An incredibly melancholy, yet ultimately heartwarming tale about death… and about truly living. The “reveal”, shortly before midway, is of course entirely obvious right from the off, but a twisty tale is not the point of this lovely book; Dallas has created a moody, heartfelt and emotional journey, with something of an air of mystery in the first half. After this, the book becomes more of a full-blown fantasy for romanticists – by fantasy, think Mills and Book, not Frank Herbert.
The timeline is on occasion a touch confusing in the early parts, sometimes intertwining two or three narratives, in the same locations and with the same characters, which doesn’t help. This (very slight, I should say) confusion is compounded in some ways by the absence of chapters; although separated by days of the week, Monday seems somewhat longer than the following days, so it does feel as if large parts are not broken up for digestion and regrouping, until you are some way into the book. After the story is clear – and it is a particularly simple tale – it becomes easier to settle in, as you become more invested and interested in the story of Tegan and Kai.
The book is certainly intriguing, and I was eager to know what was coming. It is slow at times, and not a great deal happens in terms of action; Dallas’s work is all about the characters, moods and feelings – and she does a tremendous job. Although a romance fantasy of teenage love, this book is certainly not YA – the author is too good, the writing and overall quality far too sophisticated, which only comes from maturity in the craft. Sure, some of the slush and undying love gets a tad cringy, but then teenagers in love generally have that effect. This is romance melodrama, with a primary cast of two, like a stage-play double-header, and I recommend it particularly for die-hard fans of the romance genres. That said, it was interesting, intriguing and I very much enjoyed reading it.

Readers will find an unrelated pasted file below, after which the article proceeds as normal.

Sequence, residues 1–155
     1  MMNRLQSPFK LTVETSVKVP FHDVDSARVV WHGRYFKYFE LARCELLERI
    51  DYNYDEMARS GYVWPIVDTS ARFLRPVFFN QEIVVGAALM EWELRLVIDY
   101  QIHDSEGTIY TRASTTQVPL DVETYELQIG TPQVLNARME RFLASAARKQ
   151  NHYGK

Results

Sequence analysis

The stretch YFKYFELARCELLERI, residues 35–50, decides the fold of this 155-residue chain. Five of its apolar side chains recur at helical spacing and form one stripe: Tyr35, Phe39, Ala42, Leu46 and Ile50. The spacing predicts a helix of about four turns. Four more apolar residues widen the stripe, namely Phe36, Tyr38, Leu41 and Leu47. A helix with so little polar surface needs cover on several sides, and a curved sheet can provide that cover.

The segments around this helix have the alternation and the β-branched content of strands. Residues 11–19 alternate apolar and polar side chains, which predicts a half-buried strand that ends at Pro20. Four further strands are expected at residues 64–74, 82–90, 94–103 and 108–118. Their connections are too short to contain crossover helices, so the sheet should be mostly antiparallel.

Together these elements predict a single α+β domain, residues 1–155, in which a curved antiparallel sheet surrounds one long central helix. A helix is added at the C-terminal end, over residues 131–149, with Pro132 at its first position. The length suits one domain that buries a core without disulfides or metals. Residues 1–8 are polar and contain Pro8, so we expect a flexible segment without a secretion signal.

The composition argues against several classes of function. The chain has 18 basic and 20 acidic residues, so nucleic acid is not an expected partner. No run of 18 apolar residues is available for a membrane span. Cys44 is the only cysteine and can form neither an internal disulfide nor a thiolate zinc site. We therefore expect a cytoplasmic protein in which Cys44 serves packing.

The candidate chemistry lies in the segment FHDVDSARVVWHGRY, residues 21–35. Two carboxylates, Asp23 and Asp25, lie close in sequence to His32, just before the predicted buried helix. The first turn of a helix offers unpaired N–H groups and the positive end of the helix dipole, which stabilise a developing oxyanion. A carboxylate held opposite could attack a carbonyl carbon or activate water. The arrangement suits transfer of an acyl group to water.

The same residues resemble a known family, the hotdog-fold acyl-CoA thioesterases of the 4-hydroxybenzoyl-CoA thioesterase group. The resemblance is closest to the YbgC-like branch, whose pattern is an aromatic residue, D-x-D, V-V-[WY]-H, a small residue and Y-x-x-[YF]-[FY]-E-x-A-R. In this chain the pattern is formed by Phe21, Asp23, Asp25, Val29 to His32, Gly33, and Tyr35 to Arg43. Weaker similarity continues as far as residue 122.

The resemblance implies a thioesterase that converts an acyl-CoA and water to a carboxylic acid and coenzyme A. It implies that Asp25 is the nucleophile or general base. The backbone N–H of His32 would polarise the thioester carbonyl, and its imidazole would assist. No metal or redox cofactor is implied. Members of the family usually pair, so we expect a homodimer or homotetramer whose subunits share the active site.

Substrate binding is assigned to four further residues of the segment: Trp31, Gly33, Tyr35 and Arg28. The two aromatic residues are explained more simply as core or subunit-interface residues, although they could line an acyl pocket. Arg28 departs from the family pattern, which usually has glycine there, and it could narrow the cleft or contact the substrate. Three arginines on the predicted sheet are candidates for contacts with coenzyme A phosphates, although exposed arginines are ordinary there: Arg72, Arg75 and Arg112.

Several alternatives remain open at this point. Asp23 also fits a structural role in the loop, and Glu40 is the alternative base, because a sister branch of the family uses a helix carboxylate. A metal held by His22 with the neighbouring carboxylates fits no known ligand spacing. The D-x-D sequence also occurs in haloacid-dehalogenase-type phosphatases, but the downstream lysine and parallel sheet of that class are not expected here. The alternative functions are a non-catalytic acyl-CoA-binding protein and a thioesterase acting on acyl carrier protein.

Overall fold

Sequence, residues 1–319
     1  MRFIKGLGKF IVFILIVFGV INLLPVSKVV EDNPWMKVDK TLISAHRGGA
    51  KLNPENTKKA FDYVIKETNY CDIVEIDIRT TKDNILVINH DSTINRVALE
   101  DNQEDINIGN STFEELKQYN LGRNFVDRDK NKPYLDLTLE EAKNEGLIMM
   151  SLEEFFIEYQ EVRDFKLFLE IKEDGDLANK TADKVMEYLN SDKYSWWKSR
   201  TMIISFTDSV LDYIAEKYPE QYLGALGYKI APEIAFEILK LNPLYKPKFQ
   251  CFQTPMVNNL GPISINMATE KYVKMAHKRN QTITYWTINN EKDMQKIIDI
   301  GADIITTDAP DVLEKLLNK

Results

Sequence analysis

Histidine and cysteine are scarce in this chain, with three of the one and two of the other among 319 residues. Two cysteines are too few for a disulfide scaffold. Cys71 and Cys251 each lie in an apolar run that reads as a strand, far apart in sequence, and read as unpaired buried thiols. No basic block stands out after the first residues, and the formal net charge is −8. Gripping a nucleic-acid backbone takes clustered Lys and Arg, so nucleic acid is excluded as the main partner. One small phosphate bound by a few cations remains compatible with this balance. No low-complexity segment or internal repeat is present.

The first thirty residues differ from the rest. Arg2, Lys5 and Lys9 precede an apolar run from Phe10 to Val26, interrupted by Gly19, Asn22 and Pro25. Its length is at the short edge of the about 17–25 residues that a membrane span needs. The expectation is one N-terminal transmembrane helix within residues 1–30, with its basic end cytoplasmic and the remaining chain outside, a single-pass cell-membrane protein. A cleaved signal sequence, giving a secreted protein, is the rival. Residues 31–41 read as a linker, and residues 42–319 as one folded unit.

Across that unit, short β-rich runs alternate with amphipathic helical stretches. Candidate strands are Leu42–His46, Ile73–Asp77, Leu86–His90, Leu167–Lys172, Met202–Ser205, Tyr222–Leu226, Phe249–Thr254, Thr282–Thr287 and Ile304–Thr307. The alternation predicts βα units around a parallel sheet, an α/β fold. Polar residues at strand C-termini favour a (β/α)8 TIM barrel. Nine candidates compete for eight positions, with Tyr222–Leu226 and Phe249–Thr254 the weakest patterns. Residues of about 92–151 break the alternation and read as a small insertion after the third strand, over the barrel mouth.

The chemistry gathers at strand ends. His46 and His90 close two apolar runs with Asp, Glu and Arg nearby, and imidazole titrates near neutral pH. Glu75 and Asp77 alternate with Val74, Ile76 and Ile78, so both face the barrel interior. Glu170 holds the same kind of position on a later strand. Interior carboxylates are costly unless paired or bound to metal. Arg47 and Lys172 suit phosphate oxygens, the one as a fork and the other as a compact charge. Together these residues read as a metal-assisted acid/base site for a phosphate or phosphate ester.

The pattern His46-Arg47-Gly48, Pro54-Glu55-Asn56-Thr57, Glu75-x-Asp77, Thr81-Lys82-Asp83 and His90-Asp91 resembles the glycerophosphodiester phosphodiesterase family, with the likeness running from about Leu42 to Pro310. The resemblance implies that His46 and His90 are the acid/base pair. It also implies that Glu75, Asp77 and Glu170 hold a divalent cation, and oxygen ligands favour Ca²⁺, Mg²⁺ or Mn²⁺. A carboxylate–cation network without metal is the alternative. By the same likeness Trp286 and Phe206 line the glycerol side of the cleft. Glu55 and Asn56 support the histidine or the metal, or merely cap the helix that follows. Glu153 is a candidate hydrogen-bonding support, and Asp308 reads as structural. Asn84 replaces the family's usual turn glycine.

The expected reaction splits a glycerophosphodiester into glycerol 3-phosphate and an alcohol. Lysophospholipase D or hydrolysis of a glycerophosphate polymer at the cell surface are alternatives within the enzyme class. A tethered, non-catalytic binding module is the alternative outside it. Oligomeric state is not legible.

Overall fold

Dallas is a superb author (although I was desperate to add a “d” to the adjective (?) every time I saw “shave ice” – surely!), and her character development and interaction is sublime; she is a class act, no doubt. She portrays Hawaii idyllically, in keeping with the overall dream-like feel to the narrative; someone who has never been will be hopeful that their experience of the island is as described here: its beauty vividly contrasted against the reality of Tegan’s normal life back on the mainland. For anybody who has ever enjoyed a holiday romance, or dreamt of a second chance at some missed-out on fantasy, this book is desire in a nutshell.
In : Book Reviews
Tags: dallas-woodburn fantasy young-adult romance melancholy death